Axiom 5: Harmonics

In an ideal world all individuals have freedom, dignity, and identity - and that it is better for a society to have a relatively equal amount of all 3 of these properties, then more of one than another. For example, if I had the power to turn invisible, I would have a lot more freedom, but I would lose my dignity and identity (because a person with the ability to turn invisible will probably not go through their life stages in a healthy way). Also I would more likely than not use the power to take away the freedom and dignity of others.

Why classical liberalism (libertarianism in the US) is insufficient

Britannica defines classical liberalism as:

"A Political doctrine that takes the abuse of power, and thus the freedom of the individual, as the central problem of government"

To the libertarian the central problem for freedom is the lack of the rights, or absolute protections, from government force and coercion. The problem with this is that absolute rights do not exist, because between any two choices people will lose rights (for example if I am given the freedom to smoke, then I take away another person's freedom to have clean air).

But how do we know what action violates a person's rights, and what simply violates a person's interests? Typically we'd look at something along the lines of proximate cause. If I shoot you in the head, then I raise your chance of immediately dying to close to 100%. Most people would see this as taking away your right to life. But what if I create a product that raises your risk of cancer by 50%. Is that taking away your right to life? If I create a product that causes another product to be created that raises your chance of dying, am I taking away your right to life?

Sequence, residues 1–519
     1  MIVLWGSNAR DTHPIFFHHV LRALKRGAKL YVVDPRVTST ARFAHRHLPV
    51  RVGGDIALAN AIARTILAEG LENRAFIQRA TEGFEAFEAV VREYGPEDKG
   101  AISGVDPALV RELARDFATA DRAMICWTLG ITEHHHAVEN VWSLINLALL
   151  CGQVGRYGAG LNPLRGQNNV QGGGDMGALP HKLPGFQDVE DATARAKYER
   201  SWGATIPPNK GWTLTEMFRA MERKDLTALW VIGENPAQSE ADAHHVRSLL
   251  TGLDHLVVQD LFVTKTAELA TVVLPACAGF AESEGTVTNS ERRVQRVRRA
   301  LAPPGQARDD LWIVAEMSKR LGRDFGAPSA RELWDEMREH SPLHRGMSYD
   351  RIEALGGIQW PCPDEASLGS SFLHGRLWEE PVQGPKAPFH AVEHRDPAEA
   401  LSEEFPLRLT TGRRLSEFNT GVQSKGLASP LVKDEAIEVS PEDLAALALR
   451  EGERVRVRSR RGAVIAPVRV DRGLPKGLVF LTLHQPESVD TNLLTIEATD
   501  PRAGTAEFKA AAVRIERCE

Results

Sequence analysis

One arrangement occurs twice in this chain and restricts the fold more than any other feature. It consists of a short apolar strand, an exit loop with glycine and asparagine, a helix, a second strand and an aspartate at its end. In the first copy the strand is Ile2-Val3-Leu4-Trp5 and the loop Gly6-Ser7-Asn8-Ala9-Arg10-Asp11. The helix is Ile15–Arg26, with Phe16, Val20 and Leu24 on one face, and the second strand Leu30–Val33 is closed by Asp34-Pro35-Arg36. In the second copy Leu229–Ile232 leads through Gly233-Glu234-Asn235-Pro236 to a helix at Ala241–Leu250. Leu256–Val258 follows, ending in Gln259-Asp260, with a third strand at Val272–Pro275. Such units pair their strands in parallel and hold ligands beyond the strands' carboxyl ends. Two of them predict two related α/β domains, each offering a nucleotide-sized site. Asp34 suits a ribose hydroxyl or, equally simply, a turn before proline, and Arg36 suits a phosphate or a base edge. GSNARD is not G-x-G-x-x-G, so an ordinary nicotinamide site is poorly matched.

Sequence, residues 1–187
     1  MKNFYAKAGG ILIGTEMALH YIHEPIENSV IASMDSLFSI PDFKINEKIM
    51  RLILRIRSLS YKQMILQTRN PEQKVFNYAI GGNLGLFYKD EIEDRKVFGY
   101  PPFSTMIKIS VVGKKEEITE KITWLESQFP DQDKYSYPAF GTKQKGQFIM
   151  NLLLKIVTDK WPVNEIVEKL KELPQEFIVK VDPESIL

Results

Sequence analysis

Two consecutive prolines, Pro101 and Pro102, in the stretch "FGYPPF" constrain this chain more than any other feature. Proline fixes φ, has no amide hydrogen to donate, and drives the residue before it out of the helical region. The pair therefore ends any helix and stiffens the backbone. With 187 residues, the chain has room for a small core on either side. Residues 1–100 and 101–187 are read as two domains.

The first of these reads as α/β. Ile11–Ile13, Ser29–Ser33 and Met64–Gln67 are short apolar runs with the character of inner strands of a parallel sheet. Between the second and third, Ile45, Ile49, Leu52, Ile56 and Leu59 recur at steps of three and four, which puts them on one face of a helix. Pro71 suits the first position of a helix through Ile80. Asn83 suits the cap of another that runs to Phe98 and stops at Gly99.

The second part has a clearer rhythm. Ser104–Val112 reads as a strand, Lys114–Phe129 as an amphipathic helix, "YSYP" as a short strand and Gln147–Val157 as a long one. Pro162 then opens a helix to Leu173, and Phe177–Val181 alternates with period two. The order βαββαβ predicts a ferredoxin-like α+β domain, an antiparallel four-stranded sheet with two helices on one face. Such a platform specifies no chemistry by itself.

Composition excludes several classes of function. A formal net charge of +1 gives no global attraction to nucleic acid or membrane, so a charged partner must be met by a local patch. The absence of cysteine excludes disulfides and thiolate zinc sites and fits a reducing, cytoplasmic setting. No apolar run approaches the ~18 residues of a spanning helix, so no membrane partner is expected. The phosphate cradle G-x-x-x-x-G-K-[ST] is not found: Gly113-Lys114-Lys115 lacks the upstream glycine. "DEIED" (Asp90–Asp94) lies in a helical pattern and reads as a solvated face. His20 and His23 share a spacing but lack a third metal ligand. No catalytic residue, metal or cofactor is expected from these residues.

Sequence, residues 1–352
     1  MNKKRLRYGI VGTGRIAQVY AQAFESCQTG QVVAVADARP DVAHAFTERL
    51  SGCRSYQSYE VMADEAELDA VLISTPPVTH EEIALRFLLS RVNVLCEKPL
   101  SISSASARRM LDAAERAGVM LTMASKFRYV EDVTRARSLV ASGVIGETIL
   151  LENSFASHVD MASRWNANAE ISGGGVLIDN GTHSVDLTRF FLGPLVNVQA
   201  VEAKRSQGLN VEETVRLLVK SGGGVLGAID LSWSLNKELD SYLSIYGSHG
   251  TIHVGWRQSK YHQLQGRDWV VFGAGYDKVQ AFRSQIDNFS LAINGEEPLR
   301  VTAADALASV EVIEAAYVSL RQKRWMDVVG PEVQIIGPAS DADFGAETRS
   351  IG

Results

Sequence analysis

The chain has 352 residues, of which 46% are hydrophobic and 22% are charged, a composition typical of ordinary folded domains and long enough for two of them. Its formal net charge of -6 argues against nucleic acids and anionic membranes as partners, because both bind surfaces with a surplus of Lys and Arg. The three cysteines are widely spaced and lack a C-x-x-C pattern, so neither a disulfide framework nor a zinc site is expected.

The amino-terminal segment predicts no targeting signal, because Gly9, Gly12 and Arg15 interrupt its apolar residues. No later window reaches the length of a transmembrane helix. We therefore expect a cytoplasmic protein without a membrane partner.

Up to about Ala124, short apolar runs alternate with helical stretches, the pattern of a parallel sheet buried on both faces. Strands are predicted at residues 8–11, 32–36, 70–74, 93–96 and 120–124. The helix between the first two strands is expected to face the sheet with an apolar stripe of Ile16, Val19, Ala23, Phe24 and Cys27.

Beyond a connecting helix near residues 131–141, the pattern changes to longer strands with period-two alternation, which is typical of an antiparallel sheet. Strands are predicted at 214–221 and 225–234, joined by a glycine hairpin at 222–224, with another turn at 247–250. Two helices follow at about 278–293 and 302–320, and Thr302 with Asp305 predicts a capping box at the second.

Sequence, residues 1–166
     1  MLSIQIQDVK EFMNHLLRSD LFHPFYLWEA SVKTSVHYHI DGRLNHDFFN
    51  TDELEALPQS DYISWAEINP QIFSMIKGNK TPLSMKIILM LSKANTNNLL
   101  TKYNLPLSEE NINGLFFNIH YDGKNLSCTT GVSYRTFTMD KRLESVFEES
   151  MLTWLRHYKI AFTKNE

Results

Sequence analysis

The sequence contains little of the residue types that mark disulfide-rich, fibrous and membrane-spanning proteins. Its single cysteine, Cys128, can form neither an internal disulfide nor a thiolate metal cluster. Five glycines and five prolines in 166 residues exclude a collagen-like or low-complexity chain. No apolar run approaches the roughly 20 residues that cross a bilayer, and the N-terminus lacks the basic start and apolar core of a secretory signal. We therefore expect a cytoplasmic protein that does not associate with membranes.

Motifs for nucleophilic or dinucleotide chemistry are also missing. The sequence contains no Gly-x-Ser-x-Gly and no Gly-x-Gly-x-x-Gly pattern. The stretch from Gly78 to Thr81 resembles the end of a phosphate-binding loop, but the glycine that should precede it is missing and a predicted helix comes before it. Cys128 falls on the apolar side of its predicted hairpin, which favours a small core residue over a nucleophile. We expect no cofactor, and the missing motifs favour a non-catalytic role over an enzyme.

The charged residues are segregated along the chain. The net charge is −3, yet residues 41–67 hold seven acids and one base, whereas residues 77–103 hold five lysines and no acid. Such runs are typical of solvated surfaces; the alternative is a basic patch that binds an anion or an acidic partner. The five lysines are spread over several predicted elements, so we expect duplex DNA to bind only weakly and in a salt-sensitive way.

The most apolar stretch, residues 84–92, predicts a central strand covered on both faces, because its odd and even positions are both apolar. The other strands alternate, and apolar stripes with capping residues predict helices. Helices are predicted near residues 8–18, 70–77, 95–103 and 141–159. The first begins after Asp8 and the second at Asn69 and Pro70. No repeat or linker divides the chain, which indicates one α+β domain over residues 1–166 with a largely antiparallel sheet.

Natural liberties only exist if we can set limitations on what constitutes proximate cause. But as our ability to expand proximate cause increases (through science, statistics, and other means), the concept of natural rights will erode, because we'll know with more detail the effects of certain actions. If we knew everything, then we could determine the effect of all of your actions on other people's rights, and know that your best action would be to minimize the total amount of damage to other people's rights.

In effect, as we know more and more, a system of classical liberalism based on natural liberties become more and more identical to utilitarianism - which completely defeats the point.


Conservatism is the philosophy that continued technological progress is not a sufficient condition for creating a better society, and that we must retain conservative social structures that allow individual humans to live useful fulfilling lives.

People create technology for the purposes of acquiring money (private enterprise) or prestige (academia). Both money and prestige are allocated based on how much society is strengthened by the new technology, and by axiom 4 we know that freedom, dignity, and identity are not necessarily going to be strengthened by progress. By axioms 1-3 we've established that these things are important and should be a goal of policy, and by axiom 5 we know that they are all necessary.

So if you accept axioms 1-5 as being correct, then you should accept the conservative philosophy.


(So what do you guys think?)

(Note: this was edited on February 16th to include a brief critique of libertarianism, largely to address the comments made by AKACCMIOF)